• As the leader of the Republican majority in the Senate, Senator Trent Lott gave a speech to the U.S. Chamber of Commerce about what he saw as the top priorities for the new 105th Congress. He listed the replacement of the income tax as a most important debate which will take place in coming months and the National Retail Sales Tax as one of the three top contenders in that debate.

  • House Speaker Newt Gingrich, who has considerable influence over the agenda of the House of Representatives, once again announced that the House will debate the issue of tax reform, including the National Retail Sales Tax. “I have also asked Chairman Archer to prepare a series of hearings looking at the entire issue of how we revise the entire tax code,” he said, “whether we go towards a flat tax or whether we replace the income tax with a sales tax or what we do, but to begin a process....”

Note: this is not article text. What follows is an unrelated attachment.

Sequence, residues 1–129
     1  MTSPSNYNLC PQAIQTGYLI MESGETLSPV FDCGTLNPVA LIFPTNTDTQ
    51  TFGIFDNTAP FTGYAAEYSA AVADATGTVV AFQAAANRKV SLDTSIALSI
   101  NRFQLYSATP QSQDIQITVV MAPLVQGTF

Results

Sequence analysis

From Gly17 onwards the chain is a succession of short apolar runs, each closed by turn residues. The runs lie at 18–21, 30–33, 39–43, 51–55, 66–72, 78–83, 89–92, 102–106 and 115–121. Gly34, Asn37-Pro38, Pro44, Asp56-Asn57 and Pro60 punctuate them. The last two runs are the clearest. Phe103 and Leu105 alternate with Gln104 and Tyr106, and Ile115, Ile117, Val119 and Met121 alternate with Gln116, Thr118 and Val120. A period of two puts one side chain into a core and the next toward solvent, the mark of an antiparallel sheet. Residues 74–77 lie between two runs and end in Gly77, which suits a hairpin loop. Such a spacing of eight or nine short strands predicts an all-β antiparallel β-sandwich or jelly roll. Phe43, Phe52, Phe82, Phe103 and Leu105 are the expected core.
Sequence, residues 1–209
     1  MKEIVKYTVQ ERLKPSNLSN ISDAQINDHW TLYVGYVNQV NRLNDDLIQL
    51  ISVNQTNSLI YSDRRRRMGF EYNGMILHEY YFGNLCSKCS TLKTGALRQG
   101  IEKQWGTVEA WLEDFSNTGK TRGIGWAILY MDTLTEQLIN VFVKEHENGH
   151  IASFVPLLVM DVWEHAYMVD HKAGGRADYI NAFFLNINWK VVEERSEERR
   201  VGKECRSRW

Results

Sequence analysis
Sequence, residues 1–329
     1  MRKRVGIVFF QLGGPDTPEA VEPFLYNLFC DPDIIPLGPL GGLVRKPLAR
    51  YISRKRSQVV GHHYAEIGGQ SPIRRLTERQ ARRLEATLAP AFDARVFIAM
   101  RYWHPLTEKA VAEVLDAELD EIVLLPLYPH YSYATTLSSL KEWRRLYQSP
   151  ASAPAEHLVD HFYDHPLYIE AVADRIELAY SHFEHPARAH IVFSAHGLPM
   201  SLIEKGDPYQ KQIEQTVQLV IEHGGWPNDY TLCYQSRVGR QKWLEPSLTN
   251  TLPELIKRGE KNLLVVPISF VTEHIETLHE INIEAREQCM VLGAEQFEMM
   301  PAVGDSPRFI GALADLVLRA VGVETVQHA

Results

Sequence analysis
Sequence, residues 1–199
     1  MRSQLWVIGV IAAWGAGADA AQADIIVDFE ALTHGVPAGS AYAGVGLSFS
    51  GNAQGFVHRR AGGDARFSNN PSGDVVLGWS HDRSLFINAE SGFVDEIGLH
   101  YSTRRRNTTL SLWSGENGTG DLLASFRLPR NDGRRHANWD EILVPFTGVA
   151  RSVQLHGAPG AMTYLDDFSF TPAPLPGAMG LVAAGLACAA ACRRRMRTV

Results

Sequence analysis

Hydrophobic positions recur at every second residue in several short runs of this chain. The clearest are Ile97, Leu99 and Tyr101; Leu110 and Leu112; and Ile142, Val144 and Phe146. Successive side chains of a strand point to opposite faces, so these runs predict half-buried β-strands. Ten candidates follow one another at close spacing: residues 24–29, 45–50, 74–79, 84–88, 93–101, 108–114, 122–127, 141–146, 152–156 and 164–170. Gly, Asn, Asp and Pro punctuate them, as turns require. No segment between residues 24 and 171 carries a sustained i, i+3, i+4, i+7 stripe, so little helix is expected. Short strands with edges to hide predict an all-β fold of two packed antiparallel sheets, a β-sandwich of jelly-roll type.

During the next several months, ongoing Capitol Hill hearings on tax overhaul will undoubtedly bring even more interest and support to the National Retail Sales Tax proposal from members of Congress and their staffs.

          Don’t be surprised, however, if other events outside Washington, D.C., such as the new Boston Tea Party, stir up even greater national interest than the formal committee hearings. Rapidly expanding grassroots support has destined the National Retail Sales Tax — a revolutionary and effective means to liberate American economic productivity — to be the wave of the future.

    . . .

          Victor Krohn is National Chairman of Citizens for an Alternative Tax System in Washington, D.C. For more information on CATS, contact the CATS National Office at (800) 767-7577.